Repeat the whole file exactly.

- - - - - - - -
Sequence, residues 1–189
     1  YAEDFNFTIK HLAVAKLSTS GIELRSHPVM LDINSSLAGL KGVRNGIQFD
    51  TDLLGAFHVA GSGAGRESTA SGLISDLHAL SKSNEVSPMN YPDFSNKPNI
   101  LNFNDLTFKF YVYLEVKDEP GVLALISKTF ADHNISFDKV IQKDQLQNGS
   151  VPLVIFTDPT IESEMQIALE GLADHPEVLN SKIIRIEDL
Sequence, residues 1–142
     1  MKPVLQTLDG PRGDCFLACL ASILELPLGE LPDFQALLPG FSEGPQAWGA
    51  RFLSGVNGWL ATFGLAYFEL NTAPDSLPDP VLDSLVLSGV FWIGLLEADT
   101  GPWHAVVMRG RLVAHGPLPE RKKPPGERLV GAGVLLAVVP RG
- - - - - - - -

Sequence, residues 1–189
     1  YAEDFNFTIK HLAVAKLSTS GIELRSHPVM LDINSSLAGL KGVRNGIQFD
    51  TDLLGAFHVA GSGAGRESTA SGLISDLHAL SKSNEVSPMN YPDFSNKPNI
   101  LNFNDLTFKF YVYLEVKDEP GVLALISKTF ADHNISFDKV IQKDQLQNGS
   151  VPLVIFTDPT IESEMQIALE GLADHPEVLN SKIIRIEDL
Sequence, residues 1–142
     1  MKPVLQTLDG PRGDCFLACL ASILELPLGE LPDFQALLPG FSEGPQAWGA
    51  RFLSGVNGWL ATFGLAYFEL NTAPDSLPDP VLDSLVLSGV FWIGLLEADT
   101  GPWHAVVMRG RLVAHGPLPE RKKPPGERLV GAGVLLAVVP RG